Syria reported its first case of COVID-19 on 23 March 2020 which has increased to 10 including two deaths on 31 March. President Bashar Al Assad ordered prisoner amnesty to reduce the congestion in jails. Notably, it is speculated that Iranian militias and Shiite pilgrims have already transmitted the virus within Syria and fighters are continuing to enter through the al-Bukamar border crossing with Iraq, which has reported positive cases. There are multiple reports of complaints from people experiencing the symptoms similar to COVID-19.

The ongoing civil war has destroyed large part of the state’s economy and infrastructure including health care. The WHO has warned that health care system would be unable to respond to the growing pandemic. The testing and responding capacities are limited to major cities. There are reportedly no testing kits in Kurdish controlled territories. There are 150 ventilators to treat patients according to Kurdish authorities.

The situation of civilians is already grim in rebel held areas of Idlib in need of food and shelter. According to the United Nations High Commissioner for Refugees (UNHCR), there are more than 6.6 million internally displaced persons within Syria and 5.6 million Syrians seeking asylum in other states. Turkey presently hosts 64 percent of the total number of Syrian refugees followed by Lebanon at 16.4 percent, Jordan at 11.8 percent, Iraq at 4.5 percent and Egypt at 2.3 percent. These communities that sustain on limited resources are in highly vulnerable position in light of the ongoing pandemic.


The first case in Turkey was recorded on 11 March 2020 and the first death occurred on 17 March. Turkey suspended flights from China on 3 February and border gates with Iran, Iraq and Georgia were closed on 27 February. On 29 February, the air routes with Italy were also closed.

The Turkish government earlier in January 2020 launched an operation centre assisted by a scientific committee. It prepared a set of guidelines to dispense correct information about the disease. Digital Transformation Office was also opened to offer latest information about the pandemic. On 24 March, the authorities announced that the new Chinese novel coronavirus drug has been distributed in 40 cities through air ambulances. The Health Ministry also assured that the Vaccine Institute is working towards developing a vaccine. The government appointed 32,000 new health personnel and announced that it would mass produce respiratory devices domestically.

In terms of economic initiatives, the government introduced a US$ 15.3 billion stimulus package called Economic Stability Shield Program. Accordingly, tax and social insurance payments for all companies in sectors such as iron and steel, textile, retail, logistics and transportation, food and beverages, entertainment, hotels etc. have been postponed. The state credit guarantee fund has been doubled to protect private banks and all financial institutions have been requested to ease the provisions for new loans. Export companies, small and medium enterprise, poor families and elderly people are also likely to benefit from the package. The government also offered support to Turkish Airlines and eased accommodation tax of hotels, guesthouses etc to rescue the tourism sector. The tourism sector contributes 12 percent to the state's economy. Notably, Turkey remained open for tourists until mid March escalating the scope of transmission. Moreover, international air travel was suspended only on 28 March.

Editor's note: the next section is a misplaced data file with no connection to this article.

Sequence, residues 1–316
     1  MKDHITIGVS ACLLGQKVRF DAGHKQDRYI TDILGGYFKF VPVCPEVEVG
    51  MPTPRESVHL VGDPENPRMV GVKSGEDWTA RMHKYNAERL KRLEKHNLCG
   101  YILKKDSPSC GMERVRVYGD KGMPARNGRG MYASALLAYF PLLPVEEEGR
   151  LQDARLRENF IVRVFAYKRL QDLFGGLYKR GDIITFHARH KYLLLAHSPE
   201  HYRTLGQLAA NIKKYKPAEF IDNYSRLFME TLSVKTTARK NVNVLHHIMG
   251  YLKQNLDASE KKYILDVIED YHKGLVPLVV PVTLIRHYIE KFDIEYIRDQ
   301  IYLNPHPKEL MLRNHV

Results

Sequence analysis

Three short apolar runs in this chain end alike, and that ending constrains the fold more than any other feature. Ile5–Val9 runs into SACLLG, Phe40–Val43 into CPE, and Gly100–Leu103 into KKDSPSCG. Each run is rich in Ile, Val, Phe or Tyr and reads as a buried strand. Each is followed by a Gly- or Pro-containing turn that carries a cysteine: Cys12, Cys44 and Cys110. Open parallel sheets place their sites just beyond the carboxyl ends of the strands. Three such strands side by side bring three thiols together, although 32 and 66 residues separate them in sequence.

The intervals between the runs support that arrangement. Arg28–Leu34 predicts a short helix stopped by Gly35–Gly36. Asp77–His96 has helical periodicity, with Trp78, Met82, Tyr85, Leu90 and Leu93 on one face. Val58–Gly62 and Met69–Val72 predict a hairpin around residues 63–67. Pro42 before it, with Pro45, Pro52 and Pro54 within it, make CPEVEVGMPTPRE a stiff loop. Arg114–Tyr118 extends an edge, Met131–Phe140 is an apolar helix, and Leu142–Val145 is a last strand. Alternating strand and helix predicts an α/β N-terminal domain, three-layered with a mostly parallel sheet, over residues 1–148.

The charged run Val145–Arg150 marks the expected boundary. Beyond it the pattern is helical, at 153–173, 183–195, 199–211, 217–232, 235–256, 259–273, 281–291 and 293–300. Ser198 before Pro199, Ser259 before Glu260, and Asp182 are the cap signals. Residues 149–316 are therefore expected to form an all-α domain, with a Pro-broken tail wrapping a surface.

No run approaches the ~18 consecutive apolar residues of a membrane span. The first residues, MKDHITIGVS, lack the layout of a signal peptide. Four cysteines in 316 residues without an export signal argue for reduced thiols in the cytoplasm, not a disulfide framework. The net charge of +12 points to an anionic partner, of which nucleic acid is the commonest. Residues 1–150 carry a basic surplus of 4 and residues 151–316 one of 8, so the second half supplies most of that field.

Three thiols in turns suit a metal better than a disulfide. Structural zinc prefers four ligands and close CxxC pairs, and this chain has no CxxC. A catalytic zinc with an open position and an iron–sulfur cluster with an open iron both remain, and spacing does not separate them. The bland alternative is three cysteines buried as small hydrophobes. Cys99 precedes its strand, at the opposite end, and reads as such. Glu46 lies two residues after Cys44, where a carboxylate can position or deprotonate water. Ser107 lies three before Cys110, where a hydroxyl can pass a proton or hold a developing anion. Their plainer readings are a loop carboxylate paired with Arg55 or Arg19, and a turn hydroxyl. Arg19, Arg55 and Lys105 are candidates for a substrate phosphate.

The government has faced criticism domestically and the Turkish Medical Association (TMA) requested the government to maintain transparency about the spread of the virus. Experts have speculated that the real numbers of positive cases are much higher. The correct figures are unclear due to low screening and testing procedures. There have been reports of slow response by the government to curb misinformation such as Turkish people being naturally immune to the virus due to their genetic makeup, seasonal nature of the virus etc.

President Recep Tayyip Erdogan during this period has criticised the EU states for failing to contain the spread of COVID-19 in other parts of the world. Turkey engaged in a minor diplomatic tussle with Saudi Arabia after Interior Minister Süleyman Soylu criticised the Saudi government for failing to inform about the risks posed by pilgrims visiting the holy cities in Mecca and Medina. The Turkish authorities quarantined around 10,000 pilgrims after the first case was reported. Therefore, there is fear of positive cases entering the state in large numbers from Saudi Arabia before the quarantine procedures were adopted.

In a diplomatic boost, Turkey was appreciated for rescuing six Azerbaijanis, three Georgians and one Albanian along with 32 Turkish nationals from Wuhan on 1 February. Turkey on 17 March has sent medical supplies including 1,000 coronavirus test kits, 4,175 protective medical clothing, 2,004 protective goggles, 4,000 N95 face masks and 78,000 three-layer masks to Iran.


The United Arab Emirates (UAE) became the first state in the region to record a positive case after a Chinese family from Wuhan were identified with the symptoms on 29 January 2020. On 4 March, the UAE evacuated 215 Arab nationals from Wuhan and quarantined them at the newly built Emirates Humanitarian city. The number of cases started growing in succeeding days. The air routes however remained open and the government suspended air travel on 23 March.